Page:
A few years ago my daughter Olivia was attending a week-long foreign language camp for the first time. A week! They were going to mostly speak Norwegian! Dad was nervous: how in the world was she going to make friends?
My wife and I helped her arrange her things in the cabin and completed the final check-in at the medical station. As we prepared to leave, Olivia ran up the steps to grab something from her bunk. She was back in less than 60 seconds. “You guys should go now. I made a friend while I was upstairs,” she said.
Making the First Move
In the work world, it’s tougher to make friends this fast. As we go about our work, we all run into situations where we need to initiate contact with people we may not know well. There are times when we need to bring a group together that hasn’t gathered before.
To help warm up the conversation, we often turn to icebreakers. After all, taking time for deliberate activities leads to a more cohesive group and people learn more when they feel connected.
Yet, we’ve all been in situations where an activity certainly didn’t help to break the ice and, in fact, may have even chilled the room.
Time and time again, I’ve learned that icebreakers tend to produce results equivalent to the thought put into designing them. In other words, choosing an ice breaker as you walk down the hall to the conference room is not going to end well.
Just because a get-to-know-you activity worked well with one group does not mean it will be a good fit with the next one.
Choosing the right type of icebreaker is vital.
Fun and Games Icebreakers
Ice breaker games can be the most fun, but they also can be the most stress-inducing for some participants. This type of activity works best when you have a group gathering for a social purpose, or if you already know most of the personalities in the room.
The goal of this ice breaker is to bring some fun and offer a welcome break during long meetings or training sessions.
Two Truths and One Lie: This icebreaker is usually quite popular. Each participant in the group says three things about themselves — two are true and one is a lie. The other participants guess which one is the lie and share why they think so.
The Best Week of the Year: Each year I refer to the week my family spends at a rented lake cabin as “Best Week of the Year.” What would your best week consist of?
Finish the Sentence: Write sentence starters on slips of paper and place these in a bowl, basket, or bag. Have adults sit in a circle. One person pulls a slip, reads the sentence starter, and completes it. Some sample starters:
This type of gathering activity gets names out into the open plus some snippets of information that help make a connection.
The size of your group probably determines what type of activity you do here. One of my favorites for larger groups is the “2 Minute Circle.” For this activity, pair people off and then form two circles, with one partner of each group on the inside circle, facing the other partner. Each pair shares their name and something about themselves. Then, after two minutes, the inside circle rotates one person to the left.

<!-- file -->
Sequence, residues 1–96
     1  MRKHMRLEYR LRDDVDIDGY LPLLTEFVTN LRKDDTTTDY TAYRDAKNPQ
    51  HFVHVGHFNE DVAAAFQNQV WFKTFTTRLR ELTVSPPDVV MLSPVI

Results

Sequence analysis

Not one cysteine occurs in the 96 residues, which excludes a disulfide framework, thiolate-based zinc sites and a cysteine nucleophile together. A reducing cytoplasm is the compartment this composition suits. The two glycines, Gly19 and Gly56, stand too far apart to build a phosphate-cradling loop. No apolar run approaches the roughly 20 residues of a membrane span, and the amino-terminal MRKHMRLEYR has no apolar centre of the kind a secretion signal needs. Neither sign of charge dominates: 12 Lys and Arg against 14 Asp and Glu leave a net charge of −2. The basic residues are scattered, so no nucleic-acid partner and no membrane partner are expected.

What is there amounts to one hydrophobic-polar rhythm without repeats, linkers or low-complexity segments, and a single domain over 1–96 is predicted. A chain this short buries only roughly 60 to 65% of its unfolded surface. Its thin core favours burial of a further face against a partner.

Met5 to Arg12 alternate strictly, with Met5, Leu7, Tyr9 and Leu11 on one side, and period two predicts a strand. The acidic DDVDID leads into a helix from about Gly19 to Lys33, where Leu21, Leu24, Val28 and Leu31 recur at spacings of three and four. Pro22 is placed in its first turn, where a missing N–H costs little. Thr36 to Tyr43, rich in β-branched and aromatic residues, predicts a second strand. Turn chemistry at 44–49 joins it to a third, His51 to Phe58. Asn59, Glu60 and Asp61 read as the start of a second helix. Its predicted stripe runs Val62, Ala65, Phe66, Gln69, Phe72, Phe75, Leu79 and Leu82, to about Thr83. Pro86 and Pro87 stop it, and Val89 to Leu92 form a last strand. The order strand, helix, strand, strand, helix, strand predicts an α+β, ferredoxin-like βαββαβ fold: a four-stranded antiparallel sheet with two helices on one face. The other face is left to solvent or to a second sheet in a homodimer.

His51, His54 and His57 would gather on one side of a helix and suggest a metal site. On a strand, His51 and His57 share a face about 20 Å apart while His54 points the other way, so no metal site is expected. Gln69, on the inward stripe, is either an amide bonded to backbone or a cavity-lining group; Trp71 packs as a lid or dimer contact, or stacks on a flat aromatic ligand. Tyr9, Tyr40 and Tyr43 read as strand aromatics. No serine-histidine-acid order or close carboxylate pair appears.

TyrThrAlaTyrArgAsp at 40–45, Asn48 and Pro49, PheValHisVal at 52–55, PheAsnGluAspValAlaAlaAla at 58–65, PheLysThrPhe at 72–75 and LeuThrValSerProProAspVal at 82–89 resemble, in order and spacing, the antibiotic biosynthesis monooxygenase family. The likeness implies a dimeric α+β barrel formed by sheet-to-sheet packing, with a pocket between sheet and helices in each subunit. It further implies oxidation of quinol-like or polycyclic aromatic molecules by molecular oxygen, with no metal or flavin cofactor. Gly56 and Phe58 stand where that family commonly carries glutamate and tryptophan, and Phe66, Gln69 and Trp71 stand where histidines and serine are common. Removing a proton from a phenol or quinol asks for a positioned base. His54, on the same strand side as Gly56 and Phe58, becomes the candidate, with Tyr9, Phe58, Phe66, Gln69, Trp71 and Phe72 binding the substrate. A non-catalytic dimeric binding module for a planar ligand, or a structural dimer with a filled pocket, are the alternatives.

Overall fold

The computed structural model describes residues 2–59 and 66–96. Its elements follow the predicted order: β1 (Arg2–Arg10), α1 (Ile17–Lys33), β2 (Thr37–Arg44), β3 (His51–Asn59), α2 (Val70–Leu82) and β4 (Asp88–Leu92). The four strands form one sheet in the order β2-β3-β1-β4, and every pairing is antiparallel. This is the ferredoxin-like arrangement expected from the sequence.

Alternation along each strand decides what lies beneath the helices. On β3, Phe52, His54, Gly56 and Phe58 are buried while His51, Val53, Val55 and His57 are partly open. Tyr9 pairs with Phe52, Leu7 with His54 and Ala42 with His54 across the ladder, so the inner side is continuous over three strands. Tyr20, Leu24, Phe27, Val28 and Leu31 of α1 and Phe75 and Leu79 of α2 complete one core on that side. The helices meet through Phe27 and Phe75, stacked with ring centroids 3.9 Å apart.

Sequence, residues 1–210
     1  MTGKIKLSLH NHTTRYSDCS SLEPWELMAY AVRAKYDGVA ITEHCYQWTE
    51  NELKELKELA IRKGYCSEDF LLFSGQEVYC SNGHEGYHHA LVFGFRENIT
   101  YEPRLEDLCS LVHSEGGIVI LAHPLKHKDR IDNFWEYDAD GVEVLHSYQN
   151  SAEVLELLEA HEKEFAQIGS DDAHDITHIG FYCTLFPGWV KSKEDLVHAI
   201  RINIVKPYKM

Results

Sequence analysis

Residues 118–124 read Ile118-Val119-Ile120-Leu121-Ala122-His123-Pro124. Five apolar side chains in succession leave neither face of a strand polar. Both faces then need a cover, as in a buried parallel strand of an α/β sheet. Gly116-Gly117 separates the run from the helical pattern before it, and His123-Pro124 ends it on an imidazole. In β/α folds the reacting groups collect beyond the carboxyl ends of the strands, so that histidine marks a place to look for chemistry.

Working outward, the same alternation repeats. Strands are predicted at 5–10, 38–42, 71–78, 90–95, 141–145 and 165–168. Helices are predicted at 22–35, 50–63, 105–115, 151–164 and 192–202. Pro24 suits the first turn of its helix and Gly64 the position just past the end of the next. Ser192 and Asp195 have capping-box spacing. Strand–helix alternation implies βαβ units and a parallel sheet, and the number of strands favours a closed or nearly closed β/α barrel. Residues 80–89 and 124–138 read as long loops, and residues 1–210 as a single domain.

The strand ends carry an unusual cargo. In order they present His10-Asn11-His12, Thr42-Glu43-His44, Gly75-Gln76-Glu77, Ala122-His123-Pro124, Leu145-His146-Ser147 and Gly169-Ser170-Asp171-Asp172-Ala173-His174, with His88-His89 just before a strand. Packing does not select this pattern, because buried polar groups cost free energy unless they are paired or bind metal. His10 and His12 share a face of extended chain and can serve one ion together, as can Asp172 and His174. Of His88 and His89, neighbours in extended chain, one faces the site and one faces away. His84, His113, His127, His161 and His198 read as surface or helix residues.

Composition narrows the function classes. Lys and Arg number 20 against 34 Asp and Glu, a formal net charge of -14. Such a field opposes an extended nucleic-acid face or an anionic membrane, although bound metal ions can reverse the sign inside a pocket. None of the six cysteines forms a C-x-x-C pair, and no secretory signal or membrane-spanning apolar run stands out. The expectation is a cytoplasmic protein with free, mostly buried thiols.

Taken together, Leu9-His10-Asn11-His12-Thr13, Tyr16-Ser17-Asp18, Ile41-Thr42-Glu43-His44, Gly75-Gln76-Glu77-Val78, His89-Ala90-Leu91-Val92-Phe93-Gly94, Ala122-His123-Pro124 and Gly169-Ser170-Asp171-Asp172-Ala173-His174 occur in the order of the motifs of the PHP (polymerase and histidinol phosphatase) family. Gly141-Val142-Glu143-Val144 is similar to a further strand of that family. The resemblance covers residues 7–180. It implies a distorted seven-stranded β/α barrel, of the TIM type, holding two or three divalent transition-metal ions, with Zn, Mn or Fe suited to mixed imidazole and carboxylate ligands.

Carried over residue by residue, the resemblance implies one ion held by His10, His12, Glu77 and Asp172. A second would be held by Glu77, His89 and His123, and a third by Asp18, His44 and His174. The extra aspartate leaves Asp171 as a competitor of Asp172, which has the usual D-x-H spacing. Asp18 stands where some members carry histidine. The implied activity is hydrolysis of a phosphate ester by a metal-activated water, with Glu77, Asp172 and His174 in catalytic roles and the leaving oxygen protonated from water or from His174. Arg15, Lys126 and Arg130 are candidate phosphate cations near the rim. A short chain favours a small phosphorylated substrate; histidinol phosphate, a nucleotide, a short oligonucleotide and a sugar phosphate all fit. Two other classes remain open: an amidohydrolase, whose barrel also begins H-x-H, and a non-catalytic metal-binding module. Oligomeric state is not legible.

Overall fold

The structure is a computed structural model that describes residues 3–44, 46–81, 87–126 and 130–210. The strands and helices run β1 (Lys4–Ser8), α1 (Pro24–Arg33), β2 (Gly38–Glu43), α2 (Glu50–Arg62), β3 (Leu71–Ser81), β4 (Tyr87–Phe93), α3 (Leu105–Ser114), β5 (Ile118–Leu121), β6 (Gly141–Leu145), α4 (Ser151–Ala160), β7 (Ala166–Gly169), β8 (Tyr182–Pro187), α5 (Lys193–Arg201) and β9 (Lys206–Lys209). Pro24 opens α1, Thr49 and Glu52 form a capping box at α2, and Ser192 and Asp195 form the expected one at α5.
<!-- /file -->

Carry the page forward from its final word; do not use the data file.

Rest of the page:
I attend a weekly meeting where we introduce ourselves like this each time. We often share some piece of info that is related to the week’s topic. Recently, the speaker was talking about a local beer and burgers festival. We were told to introduce ourselves and share our favorite beer or burger. I had a nice conversation that day with Mark, who simply liked my answer: “My favorite beer is whatever one I’m drinking while I grill burgers in my backyard.”
This icebreaker is best when you want to get directly relevant information from participants.
With this type of activity, I have always found it useful to establish one firm ground rule: this is NOT a time for discussion. It IS everyone’s opportunity to share their thoughts.
I often think back to staff meetings I led and wish I had, even in that small group that knew each other well, opened with activities like this. As a meeting leader, the insightful icebreaker allows you to check the temperature in the room right when you start. I usually ask participants to provide three things: their name and department/organization, what they hope to get out of the day, and what is the most interesting thing that COULD happen as a result of the meeting.
An example: “My name is Sean Kelly, with Reach Partners. I hope that we walk out of here today with a firm vision of what our priorities over the next six months should be. My wildest hope is that we come up with an idea for a plan that includes more sidewalk cafes under brightly colored awnings . . . because my daughter and I love to visit places like that! If we did, I could tell her ‘Dad helped make this happen!’”
Right there is everything you can hope for in an icebreaker: you know who’s talking and conversation can flow from it. You might even remember who said it.
After all, who doesn’t want to be the guy who wants bring colorful awnings downtown to make his daughter happy? Choose the right icebreaker and you just might be him.
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